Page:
Coronavirus: guidance for employers on furlough leave

Advice note on the furlough scheme for guidance only

Furlough scheme

Lay off

Unless your contract allows for you to lay staff off - that is send them home without pay (which is unlikely) - they are technically entitled to full pay if they are ready, willing and able to work.


Further details were published on 27 March and are here: Coronavirus Job Retention Scheme. We appreciate that some of the wording around public funding appears unclear but our view is that the GOS fees are not “staff costs” and that optical practices are not “primarily funded by the government” meaning the scheme would be appropriate for some staff in the optical sector (but not those who are continuing to work, unless they are furloughed in three week blocks). We are acutely aware of the issues this may cause for those who are closing for the most part but remaining open to provide urgent care only, in that under the rules those remaining to provide occasional urgent care could not be furloughed at the same time. The AOP has raised this as part of sector discussions about ongoing urgent and essential care but based on current information those furloughed cannot do any work for that employer.

This guidance has not yet been updated following these further details being released but will be updated shortly.

This advice note is for guidance only and you should seek advice from our employment team on any specific circumstances.  See guidance for employers.


1. How do we furlough staff?

  1. Consider which staff you want to furlough and which staff you will need to keep in the business if you are remaining open. Employers will want to ensure that they are retaining the skills they  need within the business at this most challenging time. You will therefore need to identify those with the specific skills you need to retain in work. You must be careful not to discriminate against staff and therefore keep a clear record of the reason you are choosing to furlough some staff and not others. 

  2. Have a discussion with your staff about furlough and then consult with staff on an individual basis.   

  3. You may want to ask for volunteers to be furloughed and if there are too many volunteers you may want to prioritise vulnerable staff for furlough, such as those who are suffering    with a disability, are over 70 or pregnant. 

  4. You may use our template letter to give to any employees you wish to “furlough” and ask them to sign and date the Agreement where possible. This can also be done by email acceptance if it is not possible to physically sign the Agreement.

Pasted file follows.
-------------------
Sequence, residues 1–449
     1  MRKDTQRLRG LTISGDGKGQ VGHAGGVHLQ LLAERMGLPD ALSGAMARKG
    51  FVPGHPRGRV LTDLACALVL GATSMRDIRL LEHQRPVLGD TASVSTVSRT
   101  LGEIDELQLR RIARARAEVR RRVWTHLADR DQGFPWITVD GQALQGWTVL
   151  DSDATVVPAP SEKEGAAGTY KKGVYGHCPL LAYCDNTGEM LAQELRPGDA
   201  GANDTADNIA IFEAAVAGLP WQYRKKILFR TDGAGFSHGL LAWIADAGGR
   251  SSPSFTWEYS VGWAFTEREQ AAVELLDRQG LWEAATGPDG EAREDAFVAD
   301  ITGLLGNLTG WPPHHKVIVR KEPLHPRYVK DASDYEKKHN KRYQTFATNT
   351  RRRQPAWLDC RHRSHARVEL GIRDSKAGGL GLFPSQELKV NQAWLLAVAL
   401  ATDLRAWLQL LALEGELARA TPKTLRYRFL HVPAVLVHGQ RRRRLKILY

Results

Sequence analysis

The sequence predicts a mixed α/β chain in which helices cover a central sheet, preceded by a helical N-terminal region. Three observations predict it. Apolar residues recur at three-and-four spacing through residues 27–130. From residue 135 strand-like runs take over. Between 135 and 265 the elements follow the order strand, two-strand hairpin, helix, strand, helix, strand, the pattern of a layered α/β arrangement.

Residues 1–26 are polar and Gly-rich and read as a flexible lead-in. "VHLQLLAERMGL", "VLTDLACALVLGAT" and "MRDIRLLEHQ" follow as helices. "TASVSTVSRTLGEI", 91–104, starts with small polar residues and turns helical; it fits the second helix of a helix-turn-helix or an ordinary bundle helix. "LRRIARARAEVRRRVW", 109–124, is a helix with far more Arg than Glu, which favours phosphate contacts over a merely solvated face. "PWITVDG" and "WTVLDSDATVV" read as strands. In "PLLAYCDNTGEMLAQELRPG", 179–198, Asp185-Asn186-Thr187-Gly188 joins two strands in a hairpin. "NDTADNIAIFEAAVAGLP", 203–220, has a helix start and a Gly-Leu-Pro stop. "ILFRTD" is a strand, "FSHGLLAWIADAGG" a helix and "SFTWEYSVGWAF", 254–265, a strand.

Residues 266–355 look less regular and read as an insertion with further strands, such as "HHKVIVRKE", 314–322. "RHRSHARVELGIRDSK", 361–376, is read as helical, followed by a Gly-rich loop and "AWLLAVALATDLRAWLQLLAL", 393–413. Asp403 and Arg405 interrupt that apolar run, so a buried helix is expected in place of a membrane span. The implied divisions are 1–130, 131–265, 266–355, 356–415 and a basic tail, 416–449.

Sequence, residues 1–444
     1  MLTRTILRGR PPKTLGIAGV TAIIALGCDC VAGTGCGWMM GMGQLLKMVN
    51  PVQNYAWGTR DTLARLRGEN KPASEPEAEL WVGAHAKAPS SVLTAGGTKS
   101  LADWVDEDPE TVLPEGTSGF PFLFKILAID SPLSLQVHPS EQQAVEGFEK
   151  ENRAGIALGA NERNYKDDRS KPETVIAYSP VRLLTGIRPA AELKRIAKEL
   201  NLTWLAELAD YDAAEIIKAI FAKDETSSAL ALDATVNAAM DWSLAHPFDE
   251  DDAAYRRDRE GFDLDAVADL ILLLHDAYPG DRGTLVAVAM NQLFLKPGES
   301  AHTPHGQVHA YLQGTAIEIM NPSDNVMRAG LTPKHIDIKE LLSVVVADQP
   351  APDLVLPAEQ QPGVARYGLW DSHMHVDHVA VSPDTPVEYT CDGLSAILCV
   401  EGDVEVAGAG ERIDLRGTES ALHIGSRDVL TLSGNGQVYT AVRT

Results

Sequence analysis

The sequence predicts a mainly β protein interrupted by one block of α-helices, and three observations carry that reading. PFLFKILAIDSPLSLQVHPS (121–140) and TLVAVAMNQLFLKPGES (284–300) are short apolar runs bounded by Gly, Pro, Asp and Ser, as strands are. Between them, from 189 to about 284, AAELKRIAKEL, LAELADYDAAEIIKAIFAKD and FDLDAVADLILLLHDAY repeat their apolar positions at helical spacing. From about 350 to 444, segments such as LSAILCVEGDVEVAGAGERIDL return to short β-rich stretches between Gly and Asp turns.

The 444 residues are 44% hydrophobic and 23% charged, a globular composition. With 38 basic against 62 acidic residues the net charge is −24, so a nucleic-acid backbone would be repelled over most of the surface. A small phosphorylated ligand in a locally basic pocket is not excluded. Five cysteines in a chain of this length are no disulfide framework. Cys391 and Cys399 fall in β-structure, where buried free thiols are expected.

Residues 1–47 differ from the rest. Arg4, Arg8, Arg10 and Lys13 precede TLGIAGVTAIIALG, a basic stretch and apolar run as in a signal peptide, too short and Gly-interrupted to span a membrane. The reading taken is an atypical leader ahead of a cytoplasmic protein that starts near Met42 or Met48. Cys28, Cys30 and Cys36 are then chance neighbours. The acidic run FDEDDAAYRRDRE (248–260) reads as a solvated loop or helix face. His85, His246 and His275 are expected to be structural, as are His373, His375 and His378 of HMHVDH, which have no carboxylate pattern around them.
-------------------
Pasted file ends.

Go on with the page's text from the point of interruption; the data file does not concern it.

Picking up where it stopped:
5. If you are paying staff the additional 20% of salary on top of the 80% under the furlough scheme, that is fine. If you are not intending to pay the additional 20%, you will need staff to agree to accept a 20% reduction in pay. We suggest you obtain staff consent in writing.

  6. As it stands, employees should not do any work at all in the furlough period.

2. Who can access the scheme?

All UK businesses are eligible to use the scheme, regardless of size.

3. How will the scheme operate?

  1. The employer will designate affected employees as ‘furloughed workers’ and notify them of this change.

  2. The employer will then submit information to HMRC about the employees that have been furloughed and their earnings through a new online portal. Further guidance will be given by HMRC as to the information the employer will have to provide. It is likely to take around 6 weeks for the portal to be up and running. 

  3. HMRC will then reimburse the employer 80% of all furloughed workers wage costs - that is, it is expected that this includes pension contributions and national insurance payments and so on - up to a cap of £2500 per month.

  4. Provided the employee has agreed, there is no obligation on the employer to make up the additional 20% of wages  but they may choose to do so. We have included this as an option in our template letter.

HMRC are working urgently to set up a system to reimburse these monies as the current systems are not set up to facilitate payments to employers. At the press conference the Chancellor indicated that he hoped the first grants would be paid before the end of April. He also stated that claims could be made for wages lost since 1 March.

If in that time you will have difficulty paying wages, you should see whether any of the available schemes might assist in terms of business interruptions loans and so on.  See COVID-19: Support for businesses

The scheme is intended to run for three months but the Chancellor said that he would not hesitate to extend this period if necessary.


4. Can an employee request to be furloughed?

An employee can ask for this but it is entirely up to the business as to whether they wish to accept, subject to existing employment law and the obligation not to discriminate under the Equality Act 2010. 

5. Does the scheme apply to workers as well as employees?

The scheme is open to anyone on PAYE (therefore just ruling out the self-employed).

6. Does holiday continue to accrue during furlough?


7. If staff have already been made redundant, can they be invited to return to work and be furloughed?

This has not yet been clarified, although we think it may be possible if this happened very recently.

8. If employees have already agreed to work shorter hours, and have agreed contractual changes to this effect, do they qualify for furlough at 80% of their wage for their original hours?

No. This is highly unlikely (although the full scheme details have yet to be released).

9. What about holiday during furlough?

Employers can ask staff to take holiday during furlough in the usual way - that is, in accordance with their contract (see also our Common Employment questions).